The following article by Dr Patricia Ranald was published in The Conversation on September 8.
In August 2022, British oil and gas miner Rockhopper Explorations won £210 million plus interest (about A$365 million) in compensation over Italy’s 2015 ban on oil and gas drilling within its 12 kilometre territorial seas.
It’s a portent of claims Australia may face from British companies invested in Australia’s fossil-fuel industries if the United Kingdom gets its way and joins the Comprehensive and Progressive Agreement for Trans-Pacific Partnership (CPTPP), to which Australia is a signatory.
Rockhopper had invested £33 million in plans to drill for oil off Italy’s east coast in the Adriatic Sea. The compensation covers all profits it claims it would have made. Its claim was enabled by a so-called Investor-State Dispute Settlement (ISDS) clause in the Energy Charter Treaty signed by Italy and Britain in the 1990s.
All trade agreements have systems for settling disputes between governments. Some also have ISDS clauses that give private foreign investors the right to claim compensation for future lost profits due to changes in law or policy.
Since the late 1980s, British companies have lodged 90 claims against foreign governments using ISDS provisions – the third-highest number after US and Dutch companies.
This raises the question of what may happen if British mining and energy companies gain ISDS provisions to seek compensation from the Australian government over its climate policies.
Britain’s interest in the CPTPP
ISDS provisions are what tobacco giant Philip Morris used to claim A$4 billion in compensation after the Australian government introduced plain packaging laws for tobacco products in 2011.
It did so under an Australian investment agreement with Hong Kong. Though this gambit ultimately failed, the case took years and cost the Australian government $12 million in legal costs.
Currently there are no ISDS provisions in treaties between Australia and the UK.
ISDS was excluded from the Australia-UK Free Trade Agreement (AUKFTA) signed in December 2021 due to “the confidence we share in each other’s legal systems” – although only after a robust public debate. (The treaty, not yet in force, is being reviewed by an Australian parliamentary committee prior to ratification.)
But ISDS is included in the existing Comprehensive and Progressive Agreement for Trans Pacific Partnership (CPTPP) between Australia and ten other Pacific rim nations, which the UK is keen to join.
As UK Trade Secretary Anne-Marie Trevelyan outlined while in Australia early in September, the UK is aiming to accede by the end of this year, and joining CPTPP is a demonstration of its foreign policy focus aligning with the global economic tilt towards the Indo-Pacific.
British interests in Australian mining and energy
Australia and the CPTPP’s other members – Brunei, Canada, Chile, Japan, Malaysia, Mexico, Peru, New Zealand, Singapore and Vietnam – must agree for the UK application to succeed.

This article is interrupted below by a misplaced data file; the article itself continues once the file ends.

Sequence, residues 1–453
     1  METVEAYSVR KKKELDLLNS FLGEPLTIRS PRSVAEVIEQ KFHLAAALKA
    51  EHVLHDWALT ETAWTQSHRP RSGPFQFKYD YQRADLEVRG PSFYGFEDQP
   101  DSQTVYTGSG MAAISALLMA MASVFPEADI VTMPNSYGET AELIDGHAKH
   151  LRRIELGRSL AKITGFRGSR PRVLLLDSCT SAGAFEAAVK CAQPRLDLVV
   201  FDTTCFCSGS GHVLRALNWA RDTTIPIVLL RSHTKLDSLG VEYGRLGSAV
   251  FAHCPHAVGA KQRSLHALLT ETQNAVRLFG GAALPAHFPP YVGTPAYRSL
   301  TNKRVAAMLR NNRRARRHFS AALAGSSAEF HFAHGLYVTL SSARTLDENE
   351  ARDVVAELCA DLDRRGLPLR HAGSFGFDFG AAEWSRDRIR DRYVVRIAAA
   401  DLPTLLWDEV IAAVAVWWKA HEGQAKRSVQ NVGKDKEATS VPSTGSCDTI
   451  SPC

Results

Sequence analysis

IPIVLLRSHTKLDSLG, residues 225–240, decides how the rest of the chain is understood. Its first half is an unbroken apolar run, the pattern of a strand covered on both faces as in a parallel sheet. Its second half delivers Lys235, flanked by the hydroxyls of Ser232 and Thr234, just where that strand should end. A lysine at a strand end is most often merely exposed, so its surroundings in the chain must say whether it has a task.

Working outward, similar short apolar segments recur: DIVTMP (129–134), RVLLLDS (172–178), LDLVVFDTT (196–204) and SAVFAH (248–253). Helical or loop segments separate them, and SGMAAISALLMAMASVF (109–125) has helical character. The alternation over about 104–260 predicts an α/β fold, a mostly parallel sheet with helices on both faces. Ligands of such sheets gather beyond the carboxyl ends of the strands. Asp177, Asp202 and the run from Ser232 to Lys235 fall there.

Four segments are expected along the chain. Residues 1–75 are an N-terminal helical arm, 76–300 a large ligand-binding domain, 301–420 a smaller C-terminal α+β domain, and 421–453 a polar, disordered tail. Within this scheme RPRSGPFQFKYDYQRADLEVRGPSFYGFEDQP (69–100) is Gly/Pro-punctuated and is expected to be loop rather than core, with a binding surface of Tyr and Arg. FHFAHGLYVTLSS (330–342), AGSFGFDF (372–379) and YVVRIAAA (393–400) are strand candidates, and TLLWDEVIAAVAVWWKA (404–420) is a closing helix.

Trevelyan argued the UK would “bring a new, strong and persuasive voice” to the partnership as “a like-minded friend to Australia”. But its membership would also expose the Australian government to ISDS cases by UK companies against climate action regulation.
The UK is the second-highest source of foreign investment in Australia. UK-based fossil-fuel investors include Anglo American, BP and Shell.
Climate concerns about ISDS claims
A comprehensive study published in May shows increasing use of ISDS clauses in trade agreements by fossil fuel companies to claim billions in compensation for government decisions to phase out fossil fuels. The study’s authors recommend ISDS mechanisms be removed from trade agreements.
The Intergovernmental Panel on Climate Change’s May 2022 report Climate Change 2022: Impacts, Adaptation & Vulnerability also warns that ISDS clauses in trade agreements threaten action to reduce emissions.
For example, the Westmoreland Coal Company sought compensation from Canada over the province of Alberta’s decision to phase out coal-fired electricity generation by 2030.
The US-based company, an investor in two Alberta coal mines, did so using ISDS provisions in the North American Free Trade Agreement (NAFTA). This case was unsuccessful, but only due to technicalities regarding changes in the company’s ownership.
In Europe, German energy companies RWE and Uniper have ISDS cases pending against the Netherlands (under the Energy Charter Treaty) over its moves to phase out coal-fired power stations by 2030.
But there is a simple solution
The Australian government has an easy option to stop this exposure, based on two precedents: the exclusion of ISDS from the Australia-UK free-trade deal; and how Australia and New Zealand have dealt with ISDS in the CPTPP.
Before signing the CPTPP in 2018, Australia and New Zealand exchanged legally binding side letters excluding each other from using the ISDS clauses against each other.
It makes sense for the Australian government to do the same with the UK, given the disproportionate risk of ISDS claims by British fossil fuel investors.
The Albanese Labor government was elected with a policy platform opposing ISDS. It can easily implement this by making a similar exchange of letters a condition of agreeing to the UK joining the CPTPP.